Book I: A decade-by-decade look at the game. As James says in his preface, he's not trying to give times and dates. Each section gives the reader a feel for what baseball was like in that decade - who the popular players were, how they played, where they played. Who was the biggest player, the smallest player, which team had the best infield, best outfield, best pitchers. He gives an OJ Simpson award for each decade, a Clint Hartung award for the biggest flop, the Paul Krichell award for the dumbest trades and signings. He also details the biggest problems the game had in each decade. You can read a chapter and almost hear the fans debating Wagner vs. Cobb, commenting on what a jerk Rogers Hornsby was and venting frustration as New York teams dominated the 1950's. He also has one section on the Negro Leagues. The last section has his (brilliant) solutions to the problems the game has in the 90's.
Book II introduces James' new method of player evaluation -- Win Shares. A quantum leap forward in analysis, Win Shares quantifies everything a player contributes - pitching, hitting and defense -- in terms of how many WINS it brought his team. This corrects for park effects, different eras (you'll be surprised to learn how good those 60's hitters were) and is a massive improvement in evaluation of defense. He rates the top 100 players in history based on career value, peak value, clutch performance, etc. This top 100 includes 12 Negro League players and has some surprises (Oscar Charleston at #4).
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34 of 34 people found the following review helpful By Edward W. Trieste on December 27, 2001
Format: Hardcover
The great classic returns in somewhat different form.

The original version was James' greatest achievement and belongs on a short list of the most essential baseball books ever written. And the new version?

Most of the new book has been completely rewritten, yet it retains the same flavor as the original. If pressed, I prefer the earlier edition. This is partly because I read it often in the last decade and thus am somewhat biased in its favor, but also because James' new rating system - Win Shares - is introduced in only in general, without demonstrating the nuts and bolts. James promises that his next book (out next year?) will tell us a lot more about this interesting and probably excellent system, but in the meantime we have to take Win Shares on faith.

However, this reservation pales next to the excellence of the book. The historical overview and the player rankings are a tour de force, as before. In particular, the ranking section is much more ambitious and comprehensive, with many more comments than before.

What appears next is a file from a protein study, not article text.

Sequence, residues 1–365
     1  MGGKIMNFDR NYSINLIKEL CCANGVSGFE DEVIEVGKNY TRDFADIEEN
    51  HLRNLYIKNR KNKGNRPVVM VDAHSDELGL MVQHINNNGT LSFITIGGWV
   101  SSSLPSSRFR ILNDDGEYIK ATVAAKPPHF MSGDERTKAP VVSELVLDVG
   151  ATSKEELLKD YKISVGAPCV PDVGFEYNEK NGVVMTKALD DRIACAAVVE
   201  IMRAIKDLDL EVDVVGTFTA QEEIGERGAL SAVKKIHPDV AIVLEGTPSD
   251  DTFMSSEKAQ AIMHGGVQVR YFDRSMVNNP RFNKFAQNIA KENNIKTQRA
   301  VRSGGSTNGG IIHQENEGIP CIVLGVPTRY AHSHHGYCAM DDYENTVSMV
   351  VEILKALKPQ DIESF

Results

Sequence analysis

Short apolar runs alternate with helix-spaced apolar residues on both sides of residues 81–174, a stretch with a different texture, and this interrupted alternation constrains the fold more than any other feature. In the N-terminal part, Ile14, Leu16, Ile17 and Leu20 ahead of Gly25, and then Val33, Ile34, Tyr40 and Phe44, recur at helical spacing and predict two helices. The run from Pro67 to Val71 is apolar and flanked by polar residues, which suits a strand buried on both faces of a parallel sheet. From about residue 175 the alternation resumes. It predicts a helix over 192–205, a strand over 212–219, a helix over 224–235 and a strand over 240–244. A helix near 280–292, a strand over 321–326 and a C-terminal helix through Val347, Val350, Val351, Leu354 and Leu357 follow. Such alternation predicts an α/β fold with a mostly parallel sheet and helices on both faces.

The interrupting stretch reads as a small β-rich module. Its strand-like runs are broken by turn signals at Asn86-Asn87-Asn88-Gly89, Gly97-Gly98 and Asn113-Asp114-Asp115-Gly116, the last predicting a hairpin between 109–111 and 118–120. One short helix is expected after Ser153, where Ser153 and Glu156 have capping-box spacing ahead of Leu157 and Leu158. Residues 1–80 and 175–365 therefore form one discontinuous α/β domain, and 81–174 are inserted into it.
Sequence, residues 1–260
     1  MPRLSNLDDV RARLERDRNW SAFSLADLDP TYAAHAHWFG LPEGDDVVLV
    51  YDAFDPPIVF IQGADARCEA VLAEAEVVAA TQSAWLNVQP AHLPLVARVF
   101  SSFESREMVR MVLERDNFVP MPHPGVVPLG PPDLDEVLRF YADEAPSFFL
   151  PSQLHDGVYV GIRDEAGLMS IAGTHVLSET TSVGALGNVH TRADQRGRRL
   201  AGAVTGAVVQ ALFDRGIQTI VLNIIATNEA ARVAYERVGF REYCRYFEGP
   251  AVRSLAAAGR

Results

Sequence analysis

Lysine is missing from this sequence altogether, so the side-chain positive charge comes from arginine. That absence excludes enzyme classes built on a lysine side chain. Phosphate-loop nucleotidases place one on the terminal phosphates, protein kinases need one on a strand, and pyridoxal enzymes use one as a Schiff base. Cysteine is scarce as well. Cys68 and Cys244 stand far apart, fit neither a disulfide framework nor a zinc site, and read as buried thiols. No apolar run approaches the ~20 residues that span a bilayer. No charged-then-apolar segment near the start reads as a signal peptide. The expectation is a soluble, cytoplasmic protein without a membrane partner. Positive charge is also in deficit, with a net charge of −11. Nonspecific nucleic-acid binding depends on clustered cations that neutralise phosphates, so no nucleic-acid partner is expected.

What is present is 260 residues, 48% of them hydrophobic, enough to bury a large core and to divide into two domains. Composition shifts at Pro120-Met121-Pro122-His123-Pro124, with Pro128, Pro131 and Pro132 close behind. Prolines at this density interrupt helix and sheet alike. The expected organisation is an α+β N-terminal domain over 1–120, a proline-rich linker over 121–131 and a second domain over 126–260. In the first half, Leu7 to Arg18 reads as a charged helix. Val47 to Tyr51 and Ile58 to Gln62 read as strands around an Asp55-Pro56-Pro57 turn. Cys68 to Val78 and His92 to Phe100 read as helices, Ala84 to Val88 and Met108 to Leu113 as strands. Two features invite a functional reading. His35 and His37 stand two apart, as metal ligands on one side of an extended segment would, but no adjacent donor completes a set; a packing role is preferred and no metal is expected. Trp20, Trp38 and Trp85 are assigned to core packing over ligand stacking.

This is one of those books that is more fun to read by skipping from place to place rather than from cover to cover.

Note: this is actually the 3rd edition of this book. The "original" was actually two very similar editions - a 1985 hardcover and a 1988 paperback.

Here are some things I particularly liked:

* Decade-by-decade outlines of the game.
* Greatly expanded capsule lists of odds and ends in each decade.
* Sidebars descibing interesting events and stories from each decade.
* New 1980s, 1990s, and Negro Leagues chapters. The Negro Leagues chapter is the best addition to Section 1, the historical overview.
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33 of 33 people found the following review helpful By Michael R. Chernick on January 22, 2008
Format: Hardcover
Bill James is famous for his ability to collect, publish and analyze statistics about baseball. This is the second edition of his history book covering through the entire 20th century. But as James says in his preface this is more than just an update. In reviewing the first book he found that he didn't like a number of things that he did and so he has changed. Some may think for the better others for the worse but in my case I never read his 1980s edition so I have no basis for comparisons.
James is not a professional statistician but has good statistical intuition and is respected by professional statistician who specialize in sports statistics.

James covers the rules of the game and is very detialed about the players and the rule changes and strategy changes. What I enjoyed most about the book was his lists of the all time top 100 players at each position. This is something sports statisticians think about often and using statistical adjustment techniques and Bayesian methods professional statistician like Schell and Berry have written articles and in Schell's case a book on how to do this. Schell's book includes a list of the all time greatest hitters with Tony Gwynn at the top. The book tells you how the list is constructed and teaches statistical methods along the way.

James has no formal statistical method for constructing his lists. At each position he ranks the top 100 players and does a good job of mixing the old timers with the present day players. Though subjective, this is a difficult task for anyone and James is one of the few who knows enough detail of the history and players in baseball to be up to the task. I may not agree with all of his rankings but that is part of what makes talking about baseball fun.